Phillips & Cohen partner Sean McKessy speaks about the massive success of the SEC whistleblower program in an interview with Law.com’s Compliance Hot Spots.
“The program has worked exactly as intended. It has incentivized people to come forward to report wrongdoing, sometimes on massive scales,” said McKessy, who now represents whistleblowers as a partner at Phillips & Cohen. “There are entities and companies that are in business now and didn’t go the way of Enron because whistleblowers came forward and reported wrongdoing.”
“When you back out from the billion dollars and think about how much money and how many lives have been changed because of the people who have been paid under the program, that billion dollars—frankly it’s mind blowing,” he added.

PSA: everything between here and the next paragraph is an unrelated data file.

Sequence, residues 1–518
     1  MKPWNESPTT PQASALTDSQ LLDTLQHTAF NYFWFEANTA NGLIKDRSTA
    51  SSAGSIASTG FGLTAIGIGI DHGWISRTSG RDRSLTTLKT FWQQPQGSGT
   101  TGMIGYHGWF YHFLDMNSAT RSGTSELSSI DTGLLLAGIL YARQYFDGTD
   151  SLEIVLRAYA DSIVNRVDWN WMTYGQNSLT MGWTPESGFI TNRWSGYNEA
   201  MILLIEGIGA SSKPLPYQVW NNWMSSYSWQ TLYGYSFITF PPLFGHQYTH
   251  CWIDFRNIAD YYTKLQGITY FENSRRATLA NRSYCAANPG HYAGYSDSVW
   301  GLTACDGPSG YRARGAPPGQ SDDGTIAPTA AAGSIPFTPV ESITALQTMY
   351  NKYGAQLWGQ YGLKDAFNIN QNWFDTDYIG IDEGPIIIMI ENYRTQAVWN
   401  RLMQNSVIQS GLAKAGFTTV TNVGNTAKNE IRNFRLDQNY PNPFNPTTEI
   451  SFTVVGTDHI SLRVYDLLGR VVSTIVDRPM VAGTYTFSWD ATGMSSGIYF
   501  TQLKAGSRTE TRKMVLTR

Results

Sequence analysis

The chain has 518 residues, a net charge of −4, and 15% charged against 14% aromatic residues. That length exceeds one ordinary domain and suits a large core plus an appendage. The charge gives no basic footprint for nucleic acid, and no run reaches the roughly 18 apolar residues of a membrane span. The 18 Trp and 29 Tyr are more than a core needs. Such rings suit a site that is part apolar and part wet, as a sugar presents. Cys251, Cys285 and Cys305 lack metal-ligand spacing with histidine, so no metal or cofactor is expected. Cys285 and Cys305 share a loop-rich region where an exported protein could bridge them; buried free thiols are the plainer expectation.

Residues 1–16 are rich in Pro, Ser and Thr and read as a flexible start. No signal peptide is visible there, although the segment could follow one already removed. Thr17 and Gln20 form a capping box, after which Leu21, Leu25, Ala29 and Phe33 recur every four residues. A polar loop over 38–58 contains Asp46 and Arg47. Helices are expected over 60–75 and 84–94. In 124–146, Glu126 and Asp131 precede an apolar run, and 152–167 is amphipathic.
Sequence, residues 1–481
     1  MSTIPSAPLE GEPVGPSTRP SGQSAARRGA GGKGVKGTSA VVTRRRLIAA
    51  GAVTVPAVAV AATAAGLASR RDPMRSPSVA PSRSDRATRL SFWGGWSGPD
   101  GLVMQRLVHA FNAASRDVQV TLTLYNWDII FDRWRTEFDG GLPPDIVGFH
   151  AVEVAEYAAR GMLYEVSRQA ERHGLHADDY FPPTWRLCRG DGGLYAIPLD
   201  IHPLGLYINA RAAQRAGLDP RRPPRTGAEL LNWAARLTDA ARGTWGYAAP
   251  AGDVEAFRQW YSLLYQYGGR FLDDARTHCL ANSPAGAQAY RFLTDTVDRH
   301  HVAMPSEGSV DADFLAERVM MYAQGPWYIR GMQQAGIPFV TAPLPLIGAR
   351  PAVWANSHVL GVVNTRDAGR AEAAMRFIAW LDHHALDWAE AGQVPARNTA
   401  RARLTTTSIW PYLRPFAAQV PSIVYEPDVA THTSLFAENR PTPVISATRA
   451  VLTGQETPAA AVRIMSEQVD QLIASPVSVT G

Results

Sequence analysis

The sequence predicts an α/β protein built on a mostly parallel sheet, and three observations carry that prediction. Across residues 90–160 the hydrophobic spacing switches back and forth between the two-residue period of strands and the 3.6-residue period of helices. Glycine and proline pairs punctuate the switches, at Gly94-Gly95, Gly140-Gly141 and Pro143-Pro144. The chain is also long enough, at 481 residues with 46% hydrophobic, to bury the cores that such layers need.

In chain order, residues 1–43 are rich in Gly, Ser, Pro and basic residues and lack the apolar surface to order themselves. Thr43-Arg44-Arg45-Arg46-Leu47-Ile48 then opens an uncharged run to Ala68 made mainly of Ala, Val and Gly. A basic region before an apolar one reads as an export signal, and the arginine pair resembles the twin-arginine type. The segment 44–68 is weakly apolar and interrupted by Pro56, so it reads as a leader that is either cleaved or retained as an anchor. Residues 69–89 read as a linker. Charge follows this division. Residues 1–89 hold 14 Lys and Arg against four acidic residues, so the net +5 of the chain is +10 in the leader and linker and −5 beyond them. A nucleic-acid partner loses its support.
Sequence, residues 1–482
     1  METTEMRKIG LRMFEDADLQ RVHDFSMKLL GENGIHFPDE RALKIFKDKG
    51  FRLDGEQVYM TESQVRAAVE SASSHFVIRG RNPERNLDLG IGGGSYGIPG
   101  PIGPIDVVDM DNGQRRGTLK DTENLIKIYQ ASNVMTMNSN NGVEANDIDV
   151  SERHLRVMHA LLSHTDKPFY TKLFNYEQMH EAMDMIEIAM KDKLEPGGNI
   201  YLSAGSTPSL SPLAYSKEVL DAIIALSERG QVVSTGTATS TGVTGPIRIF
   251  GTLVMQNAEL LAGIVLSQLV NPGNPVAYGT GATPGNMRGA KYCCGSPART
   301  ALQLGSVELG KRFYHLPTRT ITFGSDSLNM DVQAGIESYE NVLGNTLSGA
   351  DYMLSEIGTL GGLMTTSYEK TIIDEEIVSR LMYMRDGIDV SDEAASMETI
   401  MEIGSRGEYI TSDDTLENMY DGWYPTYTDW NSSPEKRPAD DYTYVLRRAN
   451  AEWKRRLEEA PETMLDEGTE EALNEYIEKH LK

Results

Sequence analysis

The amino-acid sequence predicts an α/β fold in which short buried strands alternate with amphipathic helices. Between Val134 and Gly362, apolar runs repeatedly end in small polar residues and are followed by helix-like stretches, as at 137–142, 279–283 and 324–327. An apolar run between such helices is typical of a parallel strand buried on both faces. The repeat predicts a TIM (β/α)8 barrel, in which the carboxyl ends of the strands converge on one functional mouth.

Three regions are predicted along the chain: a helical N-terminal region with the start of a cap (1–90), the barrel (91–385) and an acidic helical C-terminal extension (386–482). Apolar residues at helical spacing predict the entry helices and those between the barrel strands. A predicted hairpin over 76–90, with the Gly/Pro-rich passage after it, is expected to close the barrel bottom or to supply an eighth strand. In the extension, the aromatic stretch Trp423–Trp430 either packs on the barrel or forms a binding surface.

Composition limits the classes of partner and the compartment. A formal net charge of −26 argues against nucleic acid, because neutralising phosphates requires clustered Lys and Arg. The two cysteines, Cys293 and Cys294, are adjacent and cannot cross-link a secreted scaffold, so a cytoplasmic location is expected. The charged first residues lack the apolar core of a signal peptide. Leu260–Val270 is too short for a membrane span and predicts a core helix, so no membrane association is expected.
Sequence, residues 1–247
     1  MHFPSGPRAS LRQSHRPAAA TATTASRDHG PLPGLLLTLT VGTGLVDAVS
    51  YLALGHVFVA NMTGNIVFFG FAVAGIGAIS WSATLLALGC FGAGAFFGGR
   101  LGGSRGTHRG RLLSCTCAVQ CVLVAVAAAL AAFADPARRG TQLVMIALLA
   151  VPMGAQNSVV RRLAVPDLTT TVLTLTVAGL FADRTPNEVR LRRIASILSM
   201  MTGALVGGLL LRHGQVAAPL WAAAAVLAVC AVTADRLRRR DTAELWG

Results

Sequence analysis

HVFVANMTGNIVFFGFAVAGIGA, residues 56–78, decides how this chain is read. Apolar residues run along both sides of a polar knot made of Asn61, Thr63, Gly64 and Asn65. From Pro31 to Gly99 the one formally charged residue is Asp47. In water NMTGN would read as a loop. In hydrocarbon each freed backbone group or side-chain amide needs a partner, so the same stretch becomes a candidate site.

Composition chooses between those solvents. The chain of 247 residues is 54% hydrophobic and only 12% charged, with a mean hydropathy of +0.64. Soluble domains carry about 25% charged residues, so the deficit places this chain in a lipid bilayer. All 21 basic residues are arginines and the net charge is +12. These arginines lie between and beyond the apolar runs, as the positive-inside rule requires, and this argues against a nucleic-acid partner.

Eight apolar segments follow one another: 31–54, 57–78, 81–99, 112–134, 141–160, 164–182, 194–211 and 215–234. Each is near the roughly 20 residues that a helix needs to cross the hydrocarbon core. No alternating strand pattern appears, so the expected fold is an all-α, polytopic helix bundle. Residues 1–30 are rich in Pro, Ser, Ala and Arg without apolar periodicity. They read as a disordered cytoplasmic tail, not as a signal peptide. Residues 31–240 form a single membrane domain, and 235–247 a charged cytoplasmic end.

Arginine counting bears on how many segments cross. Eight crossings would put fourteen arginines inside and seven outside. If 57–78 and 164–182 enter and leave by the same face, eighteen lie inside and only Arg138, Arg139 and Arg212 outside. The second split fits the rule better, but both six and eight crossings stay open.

McKessy said passing the $1 billion milestone is significant not only for symbolic reasons but because it demonstrates the credibility of the program to future would-be whistleblowers. The program, he said, “no longer has to prove itself.”
The SEC program has also created what McKessy called a “cottage industry” of lawyers and firms who represent whistleblowers, and guide them through the yearslong process of obtaining their award.
He said prior to the program, the only avenues for SEC lawyers seeking lucrative jobs in the private sector were to become in-house counsel at a firm regulated by the SEC or take a job at a law firm representing clients regulated by the SEC.
“Now because of the success of the program, there are a number of lawyers, including myself and others, who are able to stay on the ‘side of right’ when they leave the SEC and continue to work towards helping people who want to report fraud, and get it stopped and detected early,” he said.
Read the entire story, “A $1B Benchmark for the SEC’s Whistleblower Program,” in Law.com’s Compliance Hot Spots newsletter.